Recognize this scenario? A small US-allied state declares independence. Its large neighbor, a regional power, objects and conspires to keep it out of the UN, while a bordering nation declares that the newly-independent state’s freedom is illegitimate and it is forever part of its sacred national territory.

The parallels aren’t perfect, but they exist, and Taiwan’s leadership is tracking events as Kosovo declares independence today:

“From today onwards, Kosovo is proud, independent and free,” Prime Minister Hashim Thaci said in an address to parliament.

The move was immediately condemned by Serbia and its ally Russia. But the United States is expected to quickly recognize the new state, as is most of the European Union, in return for an agreement by Kosovo’s leaders to submit to European Union supervision.

Serbian Prime Minister Vojislav Kostunica said his country, which regards Kosovo as the cradle of its civilization and home to some of its most treasured Orthodox churches and monasteries, would never recognize the unilateral declaration.

“For as long as the Serbian nation exists, Kosovo will remain Serbia,” Kostunica said in a nationally televised address from Belgrade, Serbia’s capital. “We do not recognize the forced creation of a state within our territory.”

Russia appears determined to prevent Kosovo from obtaining U.N. membership and took part in a closed-door emergency session of the U.N. Security Council on Sunday. “We expect the U.N. Mission in Kosovo and NATO-led Kosovo Force to take immediate action to fulfill their mandates . . . including voiding the decisions of the Pristina local government and adopting severe administrative measures against them,” the Russian Foreign Ministry said in a statement.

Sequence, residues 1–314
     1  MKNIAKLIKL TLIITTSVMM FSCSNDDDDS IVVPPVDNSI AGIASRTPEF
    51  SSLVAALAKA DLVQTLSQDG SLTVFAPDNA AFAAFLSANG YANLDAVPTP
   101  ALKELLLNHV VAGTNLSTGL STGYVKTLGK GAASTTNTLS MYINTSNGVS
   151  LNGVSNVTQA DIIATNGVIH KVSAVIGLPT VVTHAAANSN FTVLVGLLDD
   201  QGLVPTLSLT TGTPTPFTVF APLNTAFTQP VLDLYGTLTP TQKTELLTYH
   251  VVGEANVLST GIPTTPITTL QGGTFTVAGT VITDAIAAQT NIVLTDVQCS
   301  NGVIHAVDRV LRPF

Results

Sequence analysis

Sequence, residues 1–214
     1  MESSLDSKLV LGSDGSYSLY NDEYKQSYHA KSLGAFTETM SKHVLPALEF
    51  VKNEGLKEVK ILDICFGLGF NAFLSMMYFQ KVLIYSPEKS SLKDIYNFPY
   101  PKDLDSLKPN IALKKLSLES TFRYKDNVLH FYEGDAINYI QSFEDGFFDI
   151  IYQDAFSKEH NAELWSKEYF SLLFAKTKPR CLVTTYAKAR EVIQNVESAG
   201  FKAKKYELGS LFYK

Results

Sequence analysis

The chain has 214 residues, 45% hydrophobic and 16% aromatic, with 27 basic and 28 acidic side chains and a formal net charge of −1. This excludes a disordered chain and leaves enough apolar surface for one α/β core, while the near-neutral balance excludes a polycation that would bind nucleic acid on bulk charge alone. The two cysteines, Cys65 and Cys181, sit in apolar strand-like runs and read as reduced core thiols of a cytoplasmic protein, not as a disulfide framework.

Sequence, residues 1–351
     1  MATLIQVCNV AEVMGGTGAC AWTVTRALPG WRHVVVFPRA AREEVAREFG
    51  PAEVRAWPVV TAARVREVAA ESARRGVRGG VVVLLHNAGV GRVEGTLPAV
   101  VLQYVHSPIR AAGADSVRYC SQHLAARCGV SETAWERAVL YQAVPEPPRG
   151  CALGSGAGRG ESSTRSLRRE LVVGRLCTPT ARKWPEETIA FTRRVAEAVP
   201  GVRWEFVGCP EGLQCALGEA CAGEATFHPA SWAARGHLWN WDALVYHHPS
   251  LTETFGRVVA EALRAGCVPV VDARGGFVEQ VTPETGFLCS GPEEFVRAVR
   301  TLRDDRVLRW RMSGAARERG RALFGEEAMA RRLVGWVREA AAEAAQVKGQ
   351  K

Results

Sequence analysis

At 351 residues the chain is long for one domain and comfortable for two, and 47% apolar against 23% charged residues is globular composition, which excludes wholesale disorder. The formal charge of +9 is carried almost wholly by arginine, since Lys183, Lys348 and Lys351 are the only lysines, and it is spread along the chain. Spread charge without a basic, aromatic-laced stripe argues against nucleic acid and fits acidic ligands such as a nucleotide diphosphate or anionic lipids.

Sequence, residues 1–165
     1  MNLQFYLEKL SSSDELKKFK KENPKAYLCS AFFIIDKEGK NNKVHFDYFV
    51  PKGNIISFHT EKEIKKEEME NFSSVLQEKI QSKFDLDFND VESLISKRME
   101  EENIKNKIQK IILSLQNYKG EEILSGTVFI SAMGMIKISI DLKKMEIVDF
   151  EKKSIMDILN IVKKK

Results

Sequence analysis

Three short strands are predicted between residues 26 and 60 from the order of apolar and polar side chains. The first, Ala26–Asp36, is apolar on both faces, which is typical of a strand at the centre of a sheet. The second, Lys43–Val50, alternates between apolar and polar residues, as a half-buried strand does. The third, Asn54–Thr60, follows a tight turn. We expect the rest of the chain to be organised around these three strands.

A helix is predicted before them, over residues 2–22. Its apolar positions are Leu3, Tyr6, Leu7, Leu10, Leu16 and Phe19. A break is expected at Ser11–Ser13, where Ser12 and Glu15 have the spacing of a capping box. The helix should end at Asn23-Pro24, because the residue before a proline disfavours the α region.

Russia, like China towards Taiwan, opposes this move. The article notes that other European nations which host separatist movements — Spain, for example — are also questioning its wisdom. China too — “deeply concerned” according to Reuters:

China expresses its deep concern about Kosovo’s unilateral declaration of independence,” Foreign Ministry spokesman Liu Jianchao said in a statement posted on the government Web site (

“All along China has deemed negotiations between Serbia and Kosovo to reach a mutually acceptable plan as the best way to resolve the Kosovo problem,” the central government said on its Web site (

China was “deeply worried about the grave negative impact” Kosovo’s unilateral declaration would have on the region, it said, adding that the international community should create “positive conditions” for peace and stability.

As the article notes, China faces “separatist” moves in Tibet and Xinjiang. Yes, like those ’separatist’ moves in India during the Raj, in Holland under the Nazis, and Poland under Soviet occupation. It’s bad enough to adopt China’s point of view in reporting stuff — do we have to use its jargon as well (and here too)? Tibet is a state occupied by a foreign power, not some ’separatist’ enclave. Reuters also reports that Taiwan is trying to build relations with Kosovo — which is declaring independence for the second time (the 1991 attempt didn’t stick) — just like Taiwan plans to…

In addition to monitoring how Kosovo manages to get a UN seat despite the fact that Russia has a Security Council veto, Taiwan needs to pay attention to how Kosovo handles its ethnic Serb population, less than 10% of the nation, but passionately opposed to independence and committed to the idea that the new state is part of an existing one. As the Economist notes:

One of the biggest problems now is going to be dealing with Kosovo’s Serbian minority which rejects independence—the leadership of Serbia tell them to ignore independence. They will probably do so. In May, Serbia will vote in local elections. This will be a big test. What would, or could, Kosovo’s authorities do when Serbs hold these polls in other parts of Kosovo? Much will become clear in the next few days. Some of Kosovo’s power comes from Serbia. Will that be cut? Will Serbia close the border to Kosovo-Albanians and anyone doing business with them?

No doubt China will be carefully monitoring how Russia and Serbia handle this issue as well. With NATO troops on the ground in Kosovo (some protecting ethnic Serbs), clearly there are some big differences in how the Powers are handling the latest addition to the international community.